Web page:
During Prime Minister Narendra Modi’s US visit in June this year, amid the multiple pacts signed between both countries, the joint development of technologies in the area of semiconductors was one of the highlights. US President Joe Biden and Modi signed the Memorandum of Understanding (MoU) on Semiconductor Supply Chain and Innovation Partnership with the objective of coordinating semiconductor incentive programmes in India and the US.

Subsequently, US chipmaker Micron Technology announced that it would invest up to $825 million to build a semiconductor assembly and test facility in Gujarat, taking advantage of the fiscal support being extended by the Indian government. This was followed by investment announcements from Applied Materials and Advanced Micro Devices (AMD).

Foxconn has also recently submitted an application to establish a semiconductor fabrication unit in India. This comes after its exit from a joint venture with the Vedanta Group, which had plans to set up a chip plant in Gujarat with an investment of around Rs 1.5 lakh crore. Despite this, Foxconn remains bullish.

Reportedly, even Tata Group is planning to set up a semiconductor processing plant in Assam with an investment of about Rs 40,000 crore, according to Chief Minister Himanta Biswa Sarma. Another Indian conglomerate, Murugappa Group, has announced getting into semiconductor assembly and testing. The Chennai-based company would invest $791 million over five years in the business. The company has filed an application with the Union Ministry of Electronics and Information Technology (MeiTY) seeking subsidies for an outsourced semiconductor assembly and testing (OSAT) facility in India.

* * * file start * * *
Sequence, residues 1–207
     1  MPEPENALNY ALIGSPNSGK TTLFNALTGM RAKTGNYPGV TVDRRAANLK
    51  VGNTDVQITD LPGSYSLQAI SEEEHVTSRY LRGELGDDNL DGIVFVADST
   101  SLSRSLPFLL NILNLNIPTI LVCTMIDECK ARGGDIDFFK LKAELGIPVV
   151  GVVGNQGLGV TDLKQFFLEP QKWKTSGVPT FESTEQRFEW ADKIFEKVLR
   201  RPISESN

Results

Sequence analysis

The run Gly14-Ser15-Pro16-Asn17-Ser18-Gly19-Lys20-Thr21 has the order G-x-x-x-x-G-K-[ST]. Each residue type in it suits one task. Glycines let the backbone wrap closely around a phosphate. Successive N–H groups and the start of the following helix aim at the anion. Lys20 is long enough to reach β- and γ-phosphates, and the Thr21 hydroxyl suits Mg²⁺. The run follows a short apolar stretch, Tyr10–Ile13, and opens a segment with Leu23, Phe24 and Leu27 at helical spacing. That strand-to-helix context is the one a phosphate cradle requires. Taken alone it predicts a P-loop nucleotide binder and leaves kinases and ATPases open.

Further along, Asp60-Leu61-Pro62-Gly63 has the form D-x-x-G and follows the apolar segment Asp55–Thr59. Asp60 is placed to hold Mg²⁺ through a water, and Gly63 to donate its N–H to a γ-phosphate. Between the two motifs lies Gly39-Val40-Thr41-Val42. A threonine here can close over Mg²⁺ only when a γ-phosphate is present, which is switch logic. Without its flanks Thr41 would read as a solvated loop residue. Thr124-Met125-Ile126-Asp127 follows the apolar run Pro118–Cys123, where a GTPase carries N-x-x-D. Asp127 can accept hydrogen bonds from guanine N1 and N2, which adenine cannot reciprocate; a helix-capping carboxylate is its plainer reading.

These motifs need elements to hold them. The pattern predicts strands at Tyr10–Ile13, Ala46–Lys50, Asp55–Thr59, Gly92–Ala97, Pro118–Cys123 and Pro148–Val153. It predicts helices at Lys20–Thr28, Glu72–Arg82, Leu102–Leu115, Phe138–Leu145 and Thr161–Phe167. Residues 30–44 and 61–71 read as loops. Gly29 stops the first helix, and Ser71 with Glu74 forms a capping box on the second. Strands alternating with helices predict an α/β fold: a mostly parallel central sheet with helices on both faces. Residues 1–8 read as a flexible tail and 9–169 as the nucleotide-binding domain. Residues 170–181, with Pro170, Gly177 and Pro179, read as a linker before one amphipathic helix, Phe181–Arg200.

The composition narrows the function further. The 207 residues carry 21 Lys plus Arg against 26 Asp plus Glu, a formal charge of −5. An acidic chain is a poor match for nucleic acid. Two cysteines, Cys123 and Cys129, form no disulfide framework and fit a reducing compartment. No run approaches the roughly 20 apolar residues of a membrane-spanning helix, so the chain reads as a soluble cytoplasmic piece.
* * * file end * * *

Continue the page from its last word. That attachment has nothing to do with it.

Next decade

According to experts, India cannot solely rely on global investments and it is critical to look at domestic sources of financing and leverage the multiplier effect of money. Nilaya Varma, co-founder of Primus Partners, a management consulting firm, points out that global partnerships are necessary for India to recover lost time and expertise, but it’s important to look at the structures of doing it so that there is no over-reliance on foreign investments. “Manufacturing is surely important, and more so because India clearly missed this leg of the transition when moving up the food chain from an agriculture-driven economy to a service-driven economy directly. However, manufacturing needs to be looked at from the perspective of creating jobs, creating self-reliance in critical areas, and driving the same by leveraging domestic investments,” says Varma adding that it is therefore important to focus on the smaller companies and MSMEs because, through them, the growth will be driven multiple times more across the above areas. “This decade is going to be critical for the coming few decades, and hence investments in more value-added manufacturing are more important than just run-of-the-mill build-to-print work.”

What is coming next is going to be multiple times more evolutionary than what was there a decade ago. One could also go ahead and suggest that Moore’s law (which says that the number of transistors in an integrated circuit (IC) doubles about every two years) is possibly being redefined. Technology is evolving at a much faster rate. What is “in” today may as well be “out” in even a year’s time, adds Varma.